Originally Posted by harperluu View Post
Isn't formula cow's milk-based? Is it diluted? Was she on a special formula formula? Even in breast milk a child that has a milk protein allergy will show symptoms if the mother is eating milk and milk products. This is just odd to me that the child has NO symptoms with milk-based formula but symptoms with milk.

I'd say seek more answers.
With intolerances, things often aren't as clear. Intolerance is VERY different from allergy--the body's reactions are different, the symptoms are often different, and the effects are different. She is more likely intolerant vs. allergic. The important thing to note is that lactose-intolerant people are frequently able to eat other dairy products such as cheese, yogurt, baked goods with dairy, etc and are NOT able to drink liquid milk or eat ice cream (or at least, not much). Formula, being highly processed as compared to a glass of milk, could certainly be tolerable for someone with a low-to-moderate intolerance that only shows up when drinking large quantities of regular milk.

ETA: It's possible she has symptoms that she doesn't realize and never says anything about--when you've lived with a stomachache your entire life, you don't tend to notice it until it's gone (after taking the offending food out of your diet for some other reason). She might have a stomachache that seems normal to her, she might feel sick after drinking her formula but never say anything because it's so normal for her.

Take it from someone who has had multiple food intolerance for most of her life, and just in the past few years has identified and removed the foods from her diet. These things are tricky and NOT as clear as allergies.

Last edited by SilverSabre25; 08-15-2011 at 06:16 AM.
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Old 08-15-2011, 06:18 AM
AnneCordelia AnneCordelia is offline
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Quote:
Originally Posted by harperluu View Post
Isn't formula cow's milk-based? Is it diluted? Was she on a special formula formula? Even in breast milk a child that has a milk protein allergy will show symptoms if the mother is eating milk and milk products. This is just odd to me that the child has NO symptoms with milk-based formula but symptoms with milk.

I'd say seek more answers.
2 of my babies have had dairy intolerances. My first son was formula fed and would vomit/diarrhea with cows milk. He was fine on a cows milk based formula. Our ped explained that the casein in the formula is broken down partially already (as it is in cheese and yogurt) so it's more likely to be tolerated. That's why when we introduced dairy we did so with cheese and yogurt first.

My third child was breastfed and I ended up having to go dairy free to accomodate him. Both started tolerating limited dairy in my diet and their own by a year but neither were able to drink a glass of milk until their 3rd birthday.

This is one of the most common food intolerances and it is normal to see symptoms with fresh milk and not with processed formulas.
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Old 08-15-2011, 07:25 AM
GretasLittleFriends GretasLittleFriends is offline
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My youngest dd is lactose intolerant. We are huge dairy eaters and milk drinkers. I was worried/upset because I didn't know how to deal with this. She was put on soy formula about 4 months old when we finally figured out what was going on. She is 15 months old now and she drinks Whole Lactaid. She can eat yogurt and LOVES cheese, but milk and ice cream really bother her.

I have two cans of the Enfamil stage 2 stuff... I haven't given her any because I didn't want her to react like she did to the regular formula. I might give it a try just for grins, that way I can use it up, as I don't have any other littles that would drink it.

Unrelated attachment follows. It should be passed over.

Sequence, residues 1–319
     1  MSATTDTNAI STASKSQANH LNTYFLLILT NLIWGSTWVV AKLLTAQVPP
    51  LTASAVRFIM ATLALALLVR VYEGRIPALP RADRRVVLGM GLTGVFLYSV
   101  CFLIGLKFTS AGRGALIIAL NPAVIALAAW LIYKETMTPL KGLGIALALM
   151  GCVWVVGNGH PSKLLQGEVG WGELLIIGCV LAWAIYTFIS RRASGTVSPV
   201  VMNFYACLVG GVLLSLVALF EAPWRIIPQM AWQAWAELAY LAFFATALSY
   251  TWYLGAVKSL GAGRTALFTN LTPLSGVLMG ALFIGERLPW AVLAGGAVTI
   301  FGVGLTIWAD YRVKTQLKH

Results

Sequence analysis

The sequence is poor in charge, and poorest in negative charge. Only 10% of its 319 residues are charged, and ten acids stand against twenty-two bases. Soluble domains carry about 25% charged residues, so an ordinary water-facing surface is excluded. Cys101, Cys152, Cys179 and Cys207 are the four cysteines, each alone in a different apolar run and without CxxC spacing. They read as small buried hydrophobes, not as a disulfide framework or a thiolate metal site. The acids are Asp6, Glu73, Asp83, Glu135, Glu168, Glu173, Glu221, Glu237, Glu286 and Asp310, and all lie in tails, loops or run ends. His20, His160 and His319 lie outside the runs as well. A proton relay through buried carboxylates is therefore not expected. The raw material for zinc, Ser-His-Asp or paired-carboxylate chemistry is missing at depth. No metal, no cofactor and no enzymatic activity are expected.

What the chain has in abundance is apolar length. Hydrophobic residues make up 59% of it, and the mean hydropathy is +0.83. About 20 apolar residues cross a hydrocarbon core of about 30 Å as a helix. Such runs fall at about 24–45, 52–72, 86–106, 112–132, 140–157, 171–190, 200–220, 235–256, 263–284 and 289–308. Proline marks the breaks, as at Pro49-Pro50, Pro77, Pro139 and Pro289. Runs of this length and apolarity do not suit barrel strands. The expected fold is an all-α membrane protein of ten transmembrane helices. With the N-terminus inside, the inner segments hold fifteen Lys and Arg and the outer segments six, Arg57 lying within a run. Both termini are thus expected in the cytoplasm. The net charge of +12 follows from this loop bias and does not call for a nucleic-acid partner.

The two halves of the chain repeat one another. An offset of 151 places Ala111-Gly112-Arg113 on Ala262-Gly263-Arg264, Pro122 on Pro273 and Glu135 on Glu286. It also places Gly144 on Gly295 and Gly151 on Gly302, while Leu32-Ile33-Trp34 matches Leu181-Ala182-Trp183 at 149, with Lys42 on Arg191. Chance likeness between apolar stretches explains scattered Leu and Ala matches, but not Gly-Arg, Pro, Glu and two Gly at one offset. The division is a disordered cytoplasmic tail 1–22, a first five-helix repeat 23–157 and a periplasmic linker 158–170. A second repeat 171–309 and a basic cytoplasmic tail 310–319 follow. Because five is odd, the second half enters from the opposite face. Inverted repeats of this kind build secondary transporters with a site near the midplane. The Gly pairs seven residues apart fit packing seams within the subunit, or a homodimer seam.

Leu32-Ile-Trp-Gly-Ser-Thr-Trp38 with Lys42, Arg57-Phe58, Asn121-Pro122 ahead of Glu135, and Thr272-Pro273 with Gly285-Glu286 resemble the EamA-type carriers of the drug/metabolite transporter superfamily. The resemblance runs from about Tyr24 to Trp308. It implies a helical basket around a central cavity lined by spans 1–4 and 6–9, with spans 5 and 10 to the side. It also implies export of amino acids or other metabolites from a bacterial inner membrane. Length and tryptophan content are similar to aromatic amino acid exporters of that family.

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Old 08-15-2011, 07:33 AM
AnneCordelia AnneCordelia is offline
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If the cans are still sealed then you can donate them to a food bank or women's shelter. They always appreciate formula.
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Old 08-16-2011, 06:27 AM
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Quote:
Originally Posted by Abigail View Post
So this child is three years old and drinks formula? Do you make it in a cup? How old does she have to be before she needs to stop drinking the formula? I know of a friend who uses step 2 formula but her baby is only 1 years old.
Abigail, the child is 2yo, and yes it's prepared in a sippy cup.

Quote:
Originally Posted by Kaddidle Care View Post
As far as the child being advanced, it's more likely that high intelligence runs in the family. Chances are the child is a one and only and is getting a lot of learning/training at home as well as in your place.

I've found that children that are bright like this are a huge joy to adults but tend to be socially awkward with their peers. As I've said before, you can't have it all.
Kaddidle, you are right on track with the first part. She is an only child and she gets a lot of attention at home.

This child couldn't be MORE social if she tried. She's very much able to play and conversate with her peers, especially the ones older than her. She has no problem getting her point across and the other children enjoy having her around as much as I do.

Quote:
Originally Posted by SilverSabre25 View Post
With intolerances, things often aren't as clear. Intolerance is VERY different from allergy--the body's reactions are different, the symptoms are often different, and the effects are different. She is more likely intolerant vs. allergic. The important thing to note is that lactose-intolerant people are frequently able to eat other dairy products such as cheese, yogurt, baked goods with dairy, etc and are NOT able to drink liquid milk or eat ice cream (or at least, not much). Formula, being highly processed as compared to a glass of milk, could certainly be tolerable for someone with a low-to-moderate intolerance that only shows up when drinking large quantities of regular milk.
Silver, you couldn't be more right. DCG is considered lactose-intolerant and she is able to eat cheese and yogurt just fine. They are actually some of her favorite foods! She does get a bit of a stomachache after eating regular ice cream, so I do know her mom buys her dairy free ice cream like Soy Delicious. She brought DCG some last month for a party we had and it actually tasted pretty darn good.